While 2020 sure wasn't an easy year, we too had our ups and downs. Read more in our quarterly newsletter.

Growing further

Serge_WEBIn our last newsletter, we mentioned how we grew in 2020. This year is no different, and we already welcomed Serge Niederkorn, our new CEO as of March 2021. Serge has a background in growing startups and is a valuable addition to our team.

Daniel Steitz, our founder and former CEO, will get back into our projects and use his expertise and knowhow as Chief Innovation Officer. He will strengthen our development team, that is building innovative solutions - for our partners as well as for novoMOF.

P.s.: we are looking for new team members: Job openings at novoMOF

Finished construction and start of setup


The construction work within our production space is complete and we are looking forward to putting the additional space to use - mainly for further equipment in the production and shaping line. 


From our blog

New articles of the last quarter


 Carbon_Capture_Magnetic_MOFs_HeaderEnergy-efficient CO2 capture and release using magnetic materials

Are magnetic materials the key to reducing carbon emissions in the future?

Converting CO2 into fuelsCO2_Conversion_Fuel_MOF_Header_WEB

Besides complete removal from the atmosphere, recycling CO2 into fuels could offer an alternative to other energy sources

Methane_Storage_MOFs_HeaderHighly porous materials for gaseous fuels storage

Besides the separation from gas streams, adsorption storage using MOFs could increase the range of gas-driven vehicles of the future.


Interesting news & publications


Preparing for the future carbon economyGlobalCement_WEB

A very promising message comes GlobalCement on a project between LaFargeHolcim and Svante, that will operate the world's first CO2 emission reduction based metal-organic frameworks! During the project CO2ment, a consortium of companies has proven that metal-organic frameworks can be applied to separate carbon dioxide from flue gas streams in an economic manner. The plan is to capture 2 Mt of CO2 per year from just a single plant, while more will follow in the next years.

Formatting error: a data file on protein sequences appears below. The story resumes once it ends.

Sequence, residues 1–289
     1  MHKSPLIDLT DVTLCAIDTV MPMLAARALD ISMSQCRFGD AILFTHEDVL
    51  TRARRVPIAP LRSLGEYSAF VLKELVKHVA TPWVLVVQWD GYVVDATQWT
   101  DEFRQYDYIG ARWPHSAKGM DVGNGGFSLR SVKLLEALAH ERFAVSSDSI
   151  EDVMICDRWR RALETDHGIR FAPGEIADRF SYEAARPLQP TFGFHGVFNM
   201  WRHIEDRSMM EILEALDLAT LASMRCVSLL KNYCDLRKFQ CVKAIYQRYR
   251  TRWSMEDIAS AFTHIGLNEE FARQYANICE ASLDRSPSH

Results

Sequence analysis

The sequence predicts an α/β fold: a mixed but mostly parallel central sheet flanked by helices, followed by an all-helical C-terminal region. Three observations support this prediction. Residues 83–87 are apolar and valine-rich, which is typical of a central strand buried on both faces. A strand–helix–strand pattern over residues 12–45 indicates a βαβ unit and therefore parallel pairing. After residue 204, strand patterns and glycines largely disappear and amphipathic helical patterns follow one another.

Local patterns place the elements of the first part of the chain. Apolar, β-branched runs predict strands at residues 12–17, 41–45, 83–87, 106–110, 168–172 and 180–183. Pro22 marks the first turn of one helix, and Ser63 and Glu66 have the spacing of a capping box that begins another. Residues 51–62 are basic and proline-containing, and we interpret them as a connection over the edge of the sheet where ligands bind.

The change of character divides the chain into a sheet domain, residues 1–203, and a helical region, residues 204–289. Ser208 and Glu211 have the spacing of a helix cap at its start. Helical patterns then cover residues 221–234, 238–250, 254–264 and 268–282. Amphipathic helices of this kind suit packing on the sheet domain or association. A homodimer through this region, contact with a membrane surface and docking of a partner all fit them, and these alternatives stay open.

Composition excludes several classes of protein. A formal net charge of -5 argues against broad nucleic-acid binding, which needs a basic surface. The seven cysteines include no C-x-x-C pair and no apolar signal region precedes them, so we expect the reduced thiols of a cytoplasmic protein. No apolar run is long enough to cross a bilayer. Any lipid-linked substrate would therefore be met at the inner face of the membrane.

Click the picture to get to the report:




25 years of Reticular Chemistry

At its core, reticular chemistry has translated the precision and expertise of organic and inorganic synthesis to the solid state. While initial excitement over metal‐organic frameworks (MOFs) and covalent organic frameworks (COFs) was undoubtedly fueled by their unprecedented porosity and surface areas, the most profound scientific innovation of the field has been the elaboration of design strategies for the synthesis of extended crystalline solids through strong directional bonds. In this contribution we highlight the different classes of reticular materials that have been developed, how these frameworks can be functionalized and how complexity can be introduced into their backbones. Finally, we show how the structural control over these materials is being extended from the molecular scale to their crystal morphology and shape on the nanoscale, all the way to their shaping on the bulk scale.

Click the picture to find out more.


Publications by our scientific advisors

Reticular Chemistry and Harvesting Water from Desert Air

20AsiaChemTOCAlthough chemists in general are concerned with the art and science of constructing molecules and understanding their behavior, for a long time the idea that such molecules can be linked together by strong bonds to make infinite, extended structures was fraught with failure. The notion of using molecular building blocks to make such structures invariably led to chaotic, ill-defined materials and therefore not only defying the chemists’ need to exert their will on the design of matter but also preventing them from deciphering the atomic arrangement of such products. The field remained undeveloped for most of the twentieth century, and it was taken as an article of faith that linking molecules by strong bonds to make extended structures is a “waste of time” because “it doesn’t work.”